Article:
It’s tough to be an actor, or anything else

Over the last couple of weeks, the acting world has lost several people – Paul Bhattacharjee, Briony McRoberts, Richard Gent, Cory Monteith – in ways that have thrown into focus the various mental health pressures that people in the entertainment industry share with others in other walks of life, as well as where the issues differ.

Mental health issues are rarely caused by one solitary outside influence. Everybody’s own personal health can have a myriad of contributory causes and pressures. That means that treatment and preventive measures vary, too. That’s partly why seeking help when one needs it is so imperative – another being that, if you are experiencing depression yourself, you’re rarely the best judge of your own illness.

The acting world in particular has pressures that many other professions don’t. Actors tend to have to move form short term job to short term job, often taking roles which pay poorly – if at all – in the hope that the exposure and/or experience will pay off with greater, better paid roles in the future. And far more than anybody in an office job – or even a backstage career within the entertainment industry – you are judged, judged and judged again.

Not being an actor myself, I’m limited to seeing my actor friends’ lows – and, it has to be emphasised, the highs as well. It’s far from all misery. But even on the best projects, the critically acclaimed and commercially successful ones, there are always avenues for individuals to encounter mental health problems.

In the first of a number of articles published recently on this topic, Matt Hemley wrote for The Stage, quoting Eddie Redmayne:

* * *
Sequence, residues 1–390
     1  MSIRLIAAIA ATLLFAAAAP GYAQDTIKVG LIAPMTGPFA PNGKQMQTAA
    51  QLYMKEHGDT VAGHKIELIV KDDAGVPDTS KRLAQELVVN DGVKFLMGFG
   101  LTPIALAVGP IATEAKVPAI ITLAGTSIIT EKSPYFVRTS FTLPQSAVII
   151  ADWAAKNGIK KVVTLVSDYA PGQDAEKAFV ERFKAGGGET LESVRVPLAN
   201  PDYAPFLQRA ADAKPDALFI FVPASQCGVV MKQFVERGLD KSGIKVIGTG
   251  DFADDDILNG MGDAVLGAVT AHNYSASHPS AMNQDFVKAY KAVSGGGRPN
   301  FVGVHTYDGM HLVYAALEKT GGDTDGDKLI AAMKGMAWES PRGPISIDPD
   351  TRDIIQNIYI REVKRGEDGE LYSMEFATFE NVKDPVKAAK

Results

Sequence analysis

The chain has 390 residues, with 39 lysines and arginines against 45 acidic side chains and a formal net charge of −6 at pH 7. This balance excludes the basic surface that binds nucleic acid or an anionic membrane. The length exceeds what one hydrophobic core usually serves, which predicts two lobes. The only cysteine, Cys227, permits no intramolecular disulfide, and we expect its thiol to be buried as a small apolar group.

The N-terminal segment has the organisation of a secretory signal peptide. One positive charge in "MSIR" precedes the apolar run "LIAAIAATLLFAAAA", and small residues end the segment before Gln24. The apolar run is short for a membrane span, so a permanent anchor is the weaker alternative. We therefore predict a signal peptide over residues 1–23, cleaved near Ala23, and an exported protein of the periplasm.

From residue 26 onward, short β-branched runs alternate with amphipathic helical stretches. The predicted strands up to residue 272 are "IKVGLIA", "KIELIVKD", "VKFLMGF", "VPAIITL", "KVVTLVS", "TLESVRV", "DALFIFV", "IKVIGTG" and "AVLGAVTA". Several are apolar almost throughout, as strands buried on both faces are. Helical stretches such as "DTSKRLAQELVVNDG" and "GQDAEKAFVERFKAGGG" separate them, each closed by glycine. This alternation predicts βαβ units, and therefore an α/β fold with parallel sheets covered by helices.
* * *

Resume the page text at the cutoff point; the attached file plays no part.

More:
Although it looks great – and is great – there are also shoddy moments when you feel really rotten, and when it’s going well, you’re not allowed to complain.

While producer Richard Jordan, also for The Stage, emphasises that it’s not just actors:

It’s important we recognise that in our industry depression is not exclusively an illness affecting just actors but people across all sectors of the business. Those affected can also be great masters at hiding it, with a frequent fear that, by admitting being a sufferer, you might be viewed as unreliable and unemployable in this small and gossip-fuelled industry.

And today, over in The Guardian, Michael Simkins asks if the industry itself is too cruel:

The cruellest aspect of the acting business is not that it’s unfair, but that it’s merely indifferent. It gives everything to some and nothing to others; talent, ambition and virtue have little to do with it. What’s more, with no qualifications or tests to assess how good (or bad) you are, the only benchmark is success.

Regardless of the potential pressures, actors put themselves through the wringer time and time again. The end result is usually great enjoyment for audiences of theatre, TV, radio, film – but we need to ensure that it’s not at the expense of anyone’s health and wellbeing.

Actress Katie Brennan has written a nice piece in direct response to Simkins’, which if I had to sum up in half a sentence, explores some of the positives to be found amongst the negatives:

 In no other profession would potential employees be treated this way, and perhaps the worst thing, is that we have learnt to accept it, that that’s just the way it goes in this industry, which makes me a little bit sad. We’re people at the end of the day, not just timestepping robots. I just like it when people are nice to each other…

…when [the industry] is glorious, it is wonderful glory UNBOUNDED. Seriously. There’s absolutely nothing like it. All those clichés about showbiz, the lights, the greasepaint, the applause, the comradery of castmates, the feeling of just standing on that stage and belting the shit out a brilliant, yielding money note- they’re all true on paper, but they FEEL even better.

I don’t have any pat answers: as I’ve indicated above, I think everybody has different triggers and anxieties, and their ways of dealing with their own mental health issues will be different. The key is finding the right support – nurturing friendships that last long after the curtain comes down, finding the people who will lift you up when you need it, and who you will walk over hot coals to help should the need ever arise.